Open Innovation in Children’s Mental Health: A Call for Collective Investment in Shared Success
It’s fashionable – almost de rigueur – these days for public services to outfit themselves as innovators. A case in point: the 2018 Annual Conference of Children’s Mental Health Ontario (CMHO) advertised over fourty keynote addresses and workshops on “Innovations in Service Delivery.” That’s a lot of innovation!
In the private sector, innovation is a risky business. It’s estimated 96% of all innovations do not return their capital costs and 66% of new products fail within two years. Public sector service may realize greater success, but only if it plays to its strengths: a broad commitment to the common good and institutional norms that promote sharing and cooperation over ownership and competition.
The contest between two cultures – promoting the common good versus maximizing shareholder value – hasn’t been going well for public service or the public south of the border. In Ontario, another cycle of transferring huge amounts of wealth to for-profit corporations is underway, as the provincial government schemes to privatize health care (Toronto Star, January 9, 2019).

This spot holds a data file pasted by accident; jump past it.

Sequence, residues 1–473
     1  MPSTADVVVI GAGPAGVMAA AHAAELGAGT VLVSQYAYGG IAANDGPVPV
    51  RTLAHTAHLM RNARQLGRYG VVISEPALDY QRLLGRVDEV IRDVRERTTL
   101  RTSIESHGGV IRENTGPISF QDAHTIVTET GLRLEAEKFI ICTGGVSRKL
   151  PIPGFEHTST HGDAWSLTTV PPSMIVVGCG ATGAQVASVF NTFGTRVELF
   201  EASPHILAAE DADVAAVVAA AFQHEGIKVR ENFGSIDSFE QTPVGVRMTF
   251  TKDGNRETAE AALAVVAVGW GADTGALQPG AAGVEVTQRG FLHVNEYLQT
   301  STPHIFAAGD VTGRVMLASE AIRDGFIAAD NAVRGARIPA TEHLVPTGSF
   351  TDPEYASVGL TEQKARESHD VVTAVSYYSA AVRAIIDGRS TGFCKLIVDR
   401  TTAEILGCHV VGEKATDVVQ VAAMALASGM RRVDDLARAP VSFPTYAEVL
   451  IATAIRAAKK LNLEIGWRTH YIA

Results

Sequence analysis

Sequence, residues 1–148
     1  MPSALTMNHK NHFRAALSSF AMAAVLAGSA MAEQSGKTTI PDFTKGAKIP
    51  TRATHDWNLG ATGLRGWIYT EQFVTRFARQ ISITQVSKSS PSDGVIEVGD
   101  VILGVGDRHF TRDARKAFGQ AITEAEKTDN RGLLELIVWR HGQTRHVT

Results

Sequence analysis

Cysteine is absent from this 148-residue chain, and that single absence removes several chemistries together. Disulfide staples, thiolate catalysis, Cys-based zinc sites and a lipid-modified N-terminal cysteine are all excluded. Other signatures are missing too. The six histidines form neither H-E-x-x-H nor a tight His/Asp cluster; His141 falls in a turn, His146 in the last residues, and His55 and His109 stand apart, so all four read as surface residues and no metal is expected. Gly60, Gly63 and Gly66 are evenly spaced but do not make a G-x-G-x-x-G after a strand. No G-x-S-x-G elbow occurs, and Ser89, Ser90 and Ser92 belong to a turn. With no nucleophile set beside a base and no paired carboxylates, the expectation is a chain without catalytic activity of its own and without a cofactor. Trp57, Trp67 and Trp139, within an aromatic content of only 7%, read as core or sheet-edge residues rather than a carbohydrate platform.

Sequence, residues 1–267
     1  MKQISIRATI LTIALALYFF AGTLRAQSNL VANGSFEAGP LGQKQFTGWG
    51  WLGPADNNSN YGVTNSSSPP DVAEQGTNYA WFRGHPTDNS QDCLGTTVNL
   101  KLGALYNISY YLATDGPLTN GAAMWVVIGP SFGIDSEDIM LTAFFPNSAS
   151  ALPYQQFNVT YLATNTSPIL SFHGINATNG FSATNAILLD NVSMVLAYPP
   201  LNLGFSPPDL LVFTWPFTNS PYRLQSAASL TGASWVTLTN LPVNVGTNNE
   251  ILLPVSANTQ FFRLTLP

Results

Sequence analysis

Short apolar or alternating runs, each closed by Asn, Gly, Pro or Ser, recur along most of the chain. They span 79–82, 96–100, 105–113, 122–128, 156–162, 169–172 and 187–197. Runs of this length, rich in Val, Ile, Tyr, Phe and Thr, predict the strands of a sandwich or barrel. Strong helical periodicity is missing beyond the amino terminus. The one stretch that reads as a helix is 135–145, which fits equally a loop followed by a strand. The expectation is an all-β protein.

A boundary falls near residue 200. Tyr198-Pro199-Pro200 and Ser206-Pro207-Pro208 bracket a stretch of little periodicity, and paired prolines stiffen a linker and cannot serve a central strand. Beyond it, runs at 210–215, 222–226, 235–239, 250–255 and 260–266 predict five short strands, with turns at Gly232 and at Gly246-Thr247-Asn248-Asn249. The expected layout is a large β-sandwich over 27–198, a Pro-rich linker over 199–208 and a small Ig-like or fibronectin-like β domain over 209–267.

Public sector service will need to be smart – even scientific – as it goes about its business. The foundations of service science were laid barely a decade ago; their application in the public sector is more recent still. Alongside these developments, researchers have developed a theory of open innovation – first in manufactured goods and commercial services and later in government and not-for-profit services. Open innovation is the only way for public service to sustain itself.
A principled approach to service innovation values openness and commits to engagement, collaboration, accountability, and sustainability. Theory and research suggest that values-driven approaches to service innovation need to prevail in the public sector and supersede today’s concoctions of dirty data and paint-by-numbers analyses.
Key Performance Indicators, Strategic Dashboards, and the like will undoubtedly help us in the future. Today, children’s mental health services need to demonstrate their commitment to the values of open innovation, before it’s too late.